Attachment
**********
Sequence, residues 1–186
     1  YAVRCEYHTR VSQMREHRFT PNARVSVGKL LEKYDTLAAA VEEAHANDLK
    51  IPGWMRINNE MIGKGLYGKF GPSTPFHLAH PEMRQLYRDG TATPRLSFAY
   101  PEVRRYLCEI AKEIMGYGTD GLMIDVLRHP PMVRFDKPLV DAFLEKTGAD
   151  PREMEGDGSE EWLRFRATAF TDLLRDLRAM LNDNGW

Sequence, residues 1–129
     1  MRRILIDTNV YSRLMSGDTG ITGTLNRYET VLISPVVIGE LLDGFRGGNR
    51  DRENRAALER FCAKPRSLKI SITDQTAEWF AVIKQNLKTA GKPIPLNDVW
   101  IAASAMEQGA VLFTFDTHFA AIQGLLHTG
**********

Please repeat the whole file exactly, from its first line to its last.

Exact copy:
Sequence, residues 1–186
     1  YAVRCEYHTR VSQMREHRFT PNARVSVGKL LEKYDTLAAA VEEAHANDLK
    51  IPGWMRINNE MIGKGLYGKF GPSTPFHLAH PEMRQLYRDG TATPRLSFAY
   101  PEVRRYLCEI AKEIMGYGTD GLMIDVLRHP PMVRFDKPLV DAFLEKTGAD
   151  PREMEGDGSE EWLRFRATAF TDLLRDLRAM LNDNGW

Sequence, residues 1–129
     1  MRRILIDTNV YSRLMSGDTG ITGTLNRYET VLISPVVIGE LLDGFRGGNR
    51  DRENRAALER FCAKPRSLKI SITDQTAEWF AVIKQNLKTA GKPIPLNDVW
   101  IAASAMEQGA VLFTFDTHFA AIQGLLHTG